Discovery, Science to Televise Live Moon Landing
The sibling networks will serve as the broadcast home for the Google Lunar XPRIZE, a $30 million competition for privately funded teams to land an unmanned craft on the moon.
Discovery and Science Channels are headed to the moon.
The sibling cable networks have signed on to chronicle the Google Lunar XPRIZE competition for privately funded teams to land an unmanned craft on the moon by Dec. 31, 2015.
The networks will chronicle the historic race with a miniseries event that follows teams from around the world as they race to complete the requirements for the grand prize: landing a craft on the surface of the moon, traveling 500 meters and transmitting live pictures and video back to Earth.
Science and Discovery will follow the entire process -- from testing and lift-off to live coverage of the winning lunar landing, estimated to take place in 2015.
"The $30 million Google Lunar XPRIZE offers all the ingredients of fantastic television; stakes, competition, big characters and mind-blowing visuals. It's the perfect project for Science Channel and Discovery Channel to partner on," said Eileen O'Neill, group vp at Discovery Channel, Science Channel and Velocity. "When the winning craft touches down on the moon's surface, it's going to trigger buzz and inspiration all over the world. Our intention is to provide a live, front-row seat to history being made, just as we did with Nik Wallenda's Skywire event and the upcoming Everest Jump Live."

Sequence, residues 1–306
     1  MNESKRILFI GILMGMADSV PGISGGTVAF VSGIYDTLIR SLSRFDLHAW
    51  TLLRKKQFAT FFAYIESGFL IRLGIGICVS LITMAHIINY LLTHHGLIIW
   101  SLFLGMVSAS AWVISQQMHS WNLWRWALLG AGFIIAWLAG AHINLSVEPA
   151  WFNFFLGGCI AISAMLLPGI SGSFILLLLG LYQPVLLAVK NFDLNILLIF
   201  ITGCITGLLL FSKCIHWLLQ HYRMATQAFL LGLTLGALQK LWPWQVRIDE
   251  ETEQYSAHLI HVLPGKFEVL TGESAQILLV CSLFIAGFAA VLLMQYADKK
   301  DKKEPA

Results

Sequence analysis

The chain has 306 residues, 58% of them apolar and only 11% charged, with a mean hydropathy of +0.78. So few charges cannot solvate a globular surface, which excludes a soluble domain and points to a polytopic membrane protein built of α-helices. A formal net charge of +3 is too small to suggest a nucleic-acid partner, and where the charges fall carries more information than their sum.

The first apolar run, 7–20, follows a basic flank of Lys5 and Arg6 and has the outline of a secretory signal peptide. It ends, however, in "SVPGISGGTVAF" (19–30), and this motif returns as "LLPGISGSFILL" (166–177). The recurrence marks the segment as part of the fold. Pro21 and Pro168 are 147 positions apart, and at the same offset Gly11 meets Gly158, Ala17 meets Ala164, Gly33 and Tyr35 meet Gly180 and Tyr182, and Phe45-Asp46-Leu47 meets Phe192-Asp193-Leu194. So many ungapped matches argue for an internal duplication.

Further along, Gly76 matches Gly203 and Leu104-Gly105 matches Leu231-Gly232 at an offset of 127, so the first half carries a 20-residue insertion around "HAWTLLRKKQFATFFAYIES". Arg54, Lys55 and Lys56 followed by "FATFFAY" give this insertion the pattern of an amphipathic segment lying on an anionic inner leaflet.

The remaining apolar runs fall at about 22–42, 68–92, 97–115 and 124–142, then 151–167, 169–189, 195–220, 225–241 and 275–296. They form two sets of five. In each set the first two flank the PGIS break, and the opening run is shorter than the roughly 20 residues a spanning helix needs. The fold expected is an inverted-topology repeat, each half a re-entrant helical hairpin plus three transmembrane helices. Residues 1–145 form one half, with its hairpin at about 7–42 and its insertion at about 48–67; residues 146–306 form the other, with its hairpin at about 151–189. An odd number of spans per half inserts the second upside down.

Added XPRIZE vice chairman and president Robert K. Weiss: "In addition to the technological breakthroughs catalyzed by the Google Lunar XPRIZE, we have an equally important goal of inspiring young scientists, engineers and space explorers. More than half the world's population has never had the opportunity to experience a live broadcast from the moon. Partnering with Discovery Channel and Science Channel will allow us to engage the public around this milestone event, creating an 'Apollo Moment' for the next generation."
The news comes as Discovery continues to push into the live space. The cable network on Tuesday ordered Survival Live, a survival series in which eight people will be stranded in the wilderness for 42 days with two episodes set to air each week. The cabler has also featured live episodes of American Chopper and other large-scale live events including Felix Baumgartner's leap from the stratosphere, which delivered massive ratings for Discovery.
Live events -- including awards shows -- have become increasingly valuable to both broadcast and cable networks in an era of increased competition and the DVR.
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